Maricopa County releases data on Election Day issues
Arizona’s Maricopa County on Sunday released new data about malfunctions at some of its vote centers on Election Day, pushing back on claims that voters were disenfranchised because of the issues.
Arizona Republican gubernatorial candidate Kari Lake, who lost to Democrat Katie Hobbs, and others in the GOP have seized on printer malfunctions in the county on Election Day, claiming the problems substantially altered results — despite Maricopa election officials’ insistence that no one was prevented from voting.
In a response to a letter from the Arizona attorney general’s office demanding further information on the issue, county officials on Sunday provided the most detailed data to date, showing that thousands of affected voters still cast ballots that were tabulated.
“Our response is available for the public to read in its entirety and details how Maricopa County followed state and federal laws to ensure every voter was provided the opportunity to cast a ballot,” Board of Supervisors Chair Bill Gates (R) said in a statement.
Gates vowed to certify Maricopa’s vote canvass by Monday’s statutory deadline, defying the Lake campaign, who has publicly called for a delay and suggested in court the issues meet the legal threshold for doing so.
Meanwhile, Arizona Republican attorney general candidate Abraham Hamadeh formally contested his election result last week over the issues. Hamadeh trails his Democratic rival by 510 votes ahead of an expected recount.
The Hill has reached out to Lake campaign and Attorney General Mark Brnovich’s (R) office for comment.
The criticisms are rooted in malfunctions with printers at some of Maricopa’s vote centers, which printed ballots too light for tabulators to read.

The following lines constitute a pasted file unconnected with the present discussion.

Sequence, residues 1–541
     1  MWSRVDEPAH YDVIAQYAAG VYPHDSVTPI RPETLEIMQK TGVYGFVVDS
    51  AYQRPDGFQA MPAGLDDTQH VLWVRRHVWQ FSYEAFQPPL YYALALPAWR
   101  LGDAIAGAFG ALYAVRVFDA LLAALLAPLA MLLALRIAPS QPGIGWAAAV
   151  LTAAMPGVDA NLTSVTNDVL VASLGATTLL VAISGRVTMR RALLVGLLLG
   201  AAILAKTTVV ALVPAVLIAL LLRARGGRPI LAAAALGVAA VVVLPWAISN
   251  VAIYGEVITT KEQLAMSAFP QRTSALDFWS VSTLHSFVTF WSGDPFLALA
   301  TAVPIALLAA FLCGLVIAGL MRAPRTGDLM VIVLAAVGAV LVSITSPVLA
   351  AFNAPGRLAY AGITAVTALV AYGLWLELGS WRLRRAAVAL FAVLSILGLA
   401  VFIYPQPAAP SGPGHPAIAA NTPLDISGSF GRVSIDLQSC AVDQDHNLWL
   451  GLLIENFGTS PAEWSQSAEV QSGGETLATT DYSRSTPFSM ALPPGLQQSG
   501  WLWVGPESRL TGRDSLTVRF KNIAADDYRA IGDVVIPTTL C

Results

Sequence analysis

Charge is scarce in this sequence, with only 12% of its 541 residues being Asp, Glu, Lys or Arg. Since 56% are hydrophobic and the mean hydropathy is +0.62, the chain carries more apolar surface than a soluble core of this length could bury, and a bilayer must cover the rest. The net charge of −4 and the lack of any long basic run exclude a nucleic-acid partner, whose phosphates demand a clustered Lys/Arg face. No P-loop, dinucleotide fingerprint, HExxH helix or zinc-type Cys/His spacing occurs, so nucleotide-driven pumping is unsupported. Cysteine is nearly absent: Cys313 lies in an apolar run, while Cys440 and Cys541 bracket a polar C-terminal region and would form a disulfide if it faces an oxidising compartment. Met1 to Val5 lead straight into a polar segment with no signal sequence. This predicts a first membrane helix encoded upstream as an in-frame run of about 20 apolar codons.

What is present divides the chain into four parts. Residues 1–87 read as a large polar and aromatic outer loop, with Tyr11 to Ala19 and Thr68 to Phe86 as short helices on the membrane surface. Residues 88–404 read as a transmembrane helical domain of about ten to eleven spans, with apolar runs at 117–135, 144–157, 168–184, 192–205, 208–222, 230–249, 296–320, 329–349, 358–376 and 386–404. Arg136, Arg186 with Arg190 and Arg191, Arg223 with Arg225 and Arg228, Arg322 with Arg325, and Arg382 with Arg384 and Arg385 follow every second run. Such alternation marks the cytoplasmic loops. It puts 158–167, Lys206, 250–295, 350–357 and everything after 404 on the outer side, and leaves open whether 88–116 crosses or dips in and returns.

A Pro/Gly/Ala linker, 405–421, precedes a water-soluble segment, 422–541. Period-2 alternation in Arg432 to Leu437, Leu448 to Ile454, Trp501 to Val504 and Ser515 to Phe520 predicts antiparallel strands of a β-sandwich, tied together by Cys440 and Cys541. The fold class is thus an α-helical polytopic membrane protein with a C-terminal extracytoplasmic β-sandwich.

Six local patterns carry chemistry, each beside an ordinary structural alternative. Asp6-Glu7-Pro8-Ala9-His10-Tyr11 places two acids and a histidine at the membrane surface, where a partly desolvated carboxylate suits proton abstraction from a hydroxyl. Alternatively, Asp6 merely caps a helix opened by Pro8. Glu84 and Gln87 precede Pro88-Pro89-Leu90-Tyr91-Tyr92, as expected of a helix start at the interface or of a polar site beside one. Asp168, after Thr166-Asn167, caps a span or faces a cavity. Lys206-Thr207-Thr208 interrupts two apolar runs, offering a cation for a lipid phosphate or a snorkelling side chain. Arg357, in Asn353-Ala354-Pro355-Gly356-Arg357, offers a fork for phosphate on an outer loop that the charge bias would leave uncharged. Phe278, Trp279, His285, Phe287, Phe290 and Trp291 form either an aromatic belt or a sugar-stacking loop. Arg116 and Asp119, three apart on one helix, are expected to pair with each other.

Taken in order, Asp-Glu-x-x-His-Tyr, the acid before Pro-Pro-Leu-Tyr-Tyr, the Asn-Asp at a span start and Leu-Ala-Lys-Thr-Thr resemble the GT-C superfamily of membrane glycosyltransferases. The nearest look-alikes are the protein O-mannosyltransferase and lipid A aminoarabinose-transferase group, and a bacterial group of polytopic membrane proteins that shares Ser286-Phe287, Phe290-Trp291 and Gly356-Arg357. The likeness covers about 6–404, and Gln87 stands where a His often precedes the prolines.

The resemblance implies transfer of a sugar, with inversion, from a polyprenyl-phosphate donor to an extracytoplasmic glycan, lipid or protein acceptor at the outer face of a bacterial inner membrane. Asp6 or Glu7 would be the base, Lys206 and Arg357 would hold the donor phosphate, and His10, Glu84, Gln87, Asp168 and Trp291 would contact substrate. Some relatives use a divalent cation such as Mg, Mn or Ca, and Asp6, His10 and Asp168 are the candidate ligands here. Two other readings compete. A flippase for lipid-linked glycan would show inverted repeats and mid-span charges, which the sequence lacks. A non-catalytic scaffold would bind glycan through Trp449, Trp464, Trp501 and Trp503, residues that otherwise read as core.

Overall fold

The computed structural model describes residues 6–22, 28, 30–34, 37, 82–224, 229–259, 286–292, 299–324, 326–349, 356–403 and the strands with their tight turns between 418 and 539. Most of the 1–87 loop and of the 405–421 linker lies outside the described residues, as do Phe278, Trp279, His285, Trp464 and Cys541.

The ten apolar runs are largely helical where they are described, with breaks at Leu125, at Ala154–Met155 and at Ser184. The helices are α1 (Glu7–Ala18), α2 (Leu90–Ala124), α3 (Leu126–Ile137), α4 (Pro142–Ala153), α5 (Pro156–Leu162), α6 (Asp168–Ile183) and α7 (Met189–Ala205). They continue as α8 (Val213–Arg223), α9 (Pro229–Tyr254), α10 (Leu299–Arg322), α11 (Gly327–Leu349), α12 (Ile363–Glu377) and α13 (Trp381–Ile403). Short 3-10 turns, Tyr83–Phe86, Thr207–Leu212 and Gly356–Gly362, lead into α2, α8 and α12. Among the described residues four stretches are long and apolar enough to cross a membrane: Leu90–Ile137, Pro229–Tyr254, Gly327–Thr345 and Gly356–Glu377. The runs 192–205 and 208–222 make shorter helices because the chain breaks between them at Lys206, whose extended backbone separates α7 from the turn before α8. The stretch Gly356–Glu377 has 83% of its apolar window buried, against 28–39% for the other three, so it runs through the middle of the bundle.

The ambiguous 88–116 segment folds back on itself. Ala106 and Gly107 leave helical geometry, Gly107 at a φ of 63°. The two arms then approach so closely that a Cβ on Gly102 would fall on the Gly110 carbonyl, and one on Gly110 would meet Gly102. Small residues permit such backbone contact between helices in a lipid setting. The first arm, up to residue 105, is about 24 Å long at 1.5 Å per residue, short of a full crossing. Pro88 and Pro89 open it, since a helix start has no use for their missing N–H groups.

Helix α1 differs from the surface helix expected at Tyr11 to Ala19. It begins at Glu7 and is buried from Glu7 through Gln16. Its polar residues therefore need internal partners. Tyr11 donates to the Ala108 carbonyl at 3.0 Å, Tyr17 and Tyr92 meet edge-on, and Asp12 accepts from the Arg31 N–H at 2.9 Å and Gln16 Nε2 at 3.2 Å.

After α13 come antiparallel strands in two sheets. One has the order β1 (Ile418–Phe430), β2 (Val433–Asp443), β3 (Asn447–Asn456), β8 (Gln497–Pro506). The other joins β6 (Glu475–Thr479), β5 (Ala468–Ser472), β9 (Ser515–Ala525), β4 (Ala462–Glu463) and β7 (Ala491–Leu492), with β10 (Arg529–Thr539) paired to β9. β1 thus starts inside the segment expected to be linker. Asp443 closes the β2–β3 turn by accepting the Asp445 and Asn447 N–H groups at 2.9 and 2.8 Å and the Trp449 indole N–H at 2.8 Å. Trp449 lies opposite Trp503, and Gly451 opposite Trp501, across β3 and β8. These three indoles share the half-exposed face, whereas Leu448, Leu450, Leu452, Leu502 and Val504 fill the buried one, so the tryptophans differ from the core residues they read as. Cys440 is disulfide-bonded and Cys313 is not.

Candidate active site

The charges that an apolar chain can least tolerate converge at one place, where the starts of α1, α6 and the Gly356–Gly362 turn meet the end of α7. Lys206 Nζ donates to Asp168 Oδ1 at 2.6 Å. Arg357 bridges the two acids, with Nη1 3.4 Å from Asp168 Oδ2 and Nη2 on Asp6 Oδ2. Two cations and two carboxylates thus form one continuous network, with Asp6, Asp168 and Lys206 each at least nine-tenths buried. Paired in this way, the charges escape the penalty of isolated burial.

The county on Sunday said it confirmed the malfunctions occurred at 43 of the county’s 223 vote centers, although it indicated the number may be as high as 63. The Lake campaign, based on sworn declarations, had alleged in court the figure was at least 118.
Election officials have insisted affected voters could wait in line until the issue was solved, cast a ballot at another vote center or deposit their ballot in a separate box for tabulation later, known as “door 3.” Lake’s campaign has alleged some voters who pursued each of those options experienced issues.
Lake has claimed the malfunctions created long lines at vote centers that effectively disenfranchised voters.
But the county’s response indicates a majority of vote centers had a peak wait time of 15 minutes or less, and wait times at 207 of the county’s 223 polling locations never exceeded an hour.
Lake and others in the GOP have also alleged that poll workers did not properly check out some affected voters who went to cast a ballot at a different vote center, meaning it would appear as if they were fraudulently casting a second ballot and result in it not being counted.
County officials on Sunday indicated 206 residents tried to vote at a second location, and 122 of them were not properly checked out. Poll workers gave those voters provisional ballots, and election officials ultimately decided all but 13 of them should count.
“Voters commonly ask to spoil their ballots and poll workers are very familiar with the process of issuing them a new ballot,” the county wrote, indicating it covered check-out procedures in poll worker training.
Arizona GOP figures have also cast doubt that votes placed in door 3 were ultimately counted, posting videos from voters who expressed concern about the backup procedure.
The county on Sunday said it audited the difference between the number of voters who checked in at each vote center and the number of ballots counted at each location, finding a difference of 170 votes countywide.
“Variances between check-ins and ballots received are not uncommon,” the county said in its response, due to occasional voters who check in at a polling place but leaves before casting a ballot.